The 2016-20 UK government strategy on ending violence against women and girls reiterates the position that FGM is an unacceptable form of abuse and violence against girls and women, and the government’s commitment to preventing FGM. The strategy states that real, sustainable progress to end FGM will depend on cooperation between national and local government, agencies, partners and communities, to prevent women and girls becoming victims in the first place.

The strategy outlines key actions required to achieve expected outcomes by 2020, including a reduction in the prevalence of all forms of violence against women and girls; increased reporting, police referrals, prosecution and convictions; earlier intervention and prevention; and ensuring that affected women and children receive appropriate support.

A number of statutory agencies with child protection responsibilities have produced guidance/policy documents and position papers for use by members responding to FGM, including local Children’s Safeguarding Boards and the Royal Colleges of nurses, midwives, paediatricians, general practitioners and obstetricians and gynaecologists, in addition to guidance provided by the Department of Health. The government produced the Multi-agency Statutory Guidance on Female Genital Mutilation in 2016, following requests by campaigners.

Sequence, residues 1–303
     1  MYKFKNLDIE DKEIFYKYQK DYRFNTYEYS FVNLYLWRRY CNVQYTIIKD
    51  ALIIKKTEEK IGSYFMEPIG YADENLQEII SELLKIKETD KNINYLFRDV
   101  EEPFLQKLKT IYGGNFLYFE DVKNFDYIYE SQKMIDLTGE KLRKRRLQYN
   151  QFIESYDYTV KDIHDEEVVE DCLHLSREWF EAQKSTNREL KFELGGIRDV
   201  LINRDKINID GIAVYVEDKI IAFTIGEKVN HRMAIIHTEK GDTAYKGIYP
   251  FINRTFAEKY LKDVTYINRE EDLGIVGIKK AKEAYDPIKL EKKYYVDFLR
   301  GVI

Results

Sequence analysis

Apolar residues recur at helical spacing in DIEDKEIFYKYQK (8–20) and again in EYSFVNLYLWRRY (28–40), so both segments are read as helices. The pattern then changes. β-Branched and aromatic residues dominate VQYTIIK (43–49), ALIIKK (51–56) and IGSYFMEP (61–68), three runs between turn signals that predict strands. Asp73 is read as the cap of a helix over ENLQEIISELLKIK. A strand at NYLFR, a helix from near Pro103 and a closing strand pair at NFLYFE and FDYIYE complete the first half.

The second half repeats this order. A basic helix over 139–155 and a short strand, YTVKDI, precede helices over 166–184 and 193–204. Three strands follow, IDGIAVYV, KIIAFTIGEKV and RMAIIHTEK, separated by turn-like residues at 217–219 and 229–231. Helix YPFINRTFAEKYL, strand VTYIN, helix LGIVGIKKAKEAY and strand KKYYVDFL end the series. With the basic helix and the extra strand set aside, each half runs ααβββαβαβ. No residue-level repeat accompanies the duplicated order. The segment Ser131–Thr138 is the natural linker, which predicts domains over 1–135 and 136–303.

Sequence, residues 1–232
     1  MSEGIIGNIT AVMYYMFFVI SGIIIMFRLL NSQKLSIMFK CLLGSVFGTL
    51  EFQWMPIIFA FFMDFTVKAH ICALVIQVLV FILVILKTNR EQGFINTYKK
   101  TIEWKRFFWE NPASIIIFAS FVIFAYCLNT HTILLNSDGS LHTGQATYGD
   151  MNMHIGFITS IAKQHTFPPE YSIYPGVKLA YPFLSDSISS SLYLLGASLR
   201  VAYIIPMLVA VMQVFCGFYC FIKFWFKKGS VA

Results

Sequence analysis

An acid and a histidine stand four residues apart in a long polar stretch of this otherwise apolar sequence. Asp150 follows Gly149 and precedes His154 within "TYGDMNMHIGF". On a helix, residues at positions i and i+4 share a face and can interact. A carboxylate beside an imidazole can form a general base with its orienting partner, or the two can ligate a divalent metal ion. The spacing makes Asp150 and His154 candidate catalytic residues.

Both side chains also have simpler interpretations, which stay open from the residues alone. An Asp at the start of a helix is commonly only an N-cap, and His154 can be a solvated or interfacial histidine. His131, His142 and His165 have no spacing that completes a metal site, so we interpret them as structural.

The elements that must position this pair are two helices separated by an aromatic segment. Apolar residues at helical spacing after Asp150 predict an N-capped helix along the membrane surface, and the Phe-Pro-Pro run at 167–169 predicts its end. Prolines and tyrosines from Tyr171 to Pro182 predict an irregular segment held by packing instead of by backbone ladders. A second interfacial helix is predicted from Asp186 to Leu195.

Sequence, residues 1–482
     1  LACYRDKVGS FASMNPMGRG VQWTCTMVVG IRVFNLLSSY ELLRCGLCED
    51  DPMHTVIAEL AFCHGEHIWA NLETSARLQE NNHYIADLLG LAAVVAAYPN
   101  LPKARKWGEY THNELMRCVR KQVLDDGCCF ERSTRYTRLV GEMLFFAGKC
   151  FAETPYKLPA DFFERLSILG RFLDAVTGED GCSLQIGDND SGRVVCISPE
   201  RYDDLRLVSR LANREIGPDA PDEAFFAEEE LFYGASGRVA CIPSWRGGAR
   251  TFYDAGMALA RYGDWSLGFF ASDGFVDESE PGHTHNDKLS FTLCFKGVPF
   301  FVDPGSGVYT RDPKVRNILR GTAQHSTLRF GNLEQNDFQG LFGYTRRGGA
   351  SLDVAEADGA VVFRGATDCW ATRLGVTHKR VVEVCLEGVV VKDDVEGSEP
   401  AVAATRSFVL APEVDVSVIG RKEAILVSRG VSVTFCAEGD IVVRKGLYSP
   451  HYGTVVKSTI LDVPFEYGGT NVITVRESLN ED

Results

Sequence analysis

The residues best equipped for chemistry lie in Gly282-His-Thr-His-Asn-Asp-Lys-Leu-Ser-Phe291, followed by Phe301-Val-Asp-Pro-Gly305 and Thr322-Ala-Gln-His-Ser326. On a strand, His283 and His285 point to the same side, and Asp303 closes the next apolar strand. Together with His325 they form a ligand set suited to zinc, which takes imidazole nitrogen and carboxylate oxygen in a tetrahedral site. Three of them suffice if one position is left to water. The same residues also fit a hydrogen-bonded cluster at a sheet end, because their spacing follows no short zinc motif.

Despite repeated appeals to government for a national action plan (NAP) on FGM in England, Wales and Northern Ireland, culminating in the 2014 House of Commons Home Affairs Committee hearing outlining the case, only Scotland has such a NAP (entitled FGM: Scotland’s National Action Plan to Prevent and Eradicate Female Genital Mutilation, 2016-20). The aim of Scotland’s NAP is “banishing FGM”, described as requiring a better understanding of why practising communities sustain the tradition, which in turn requires the support of affected communities and individuals, as well as information, guidance and training for the statutory and third sector. However, the NAP is not resourced.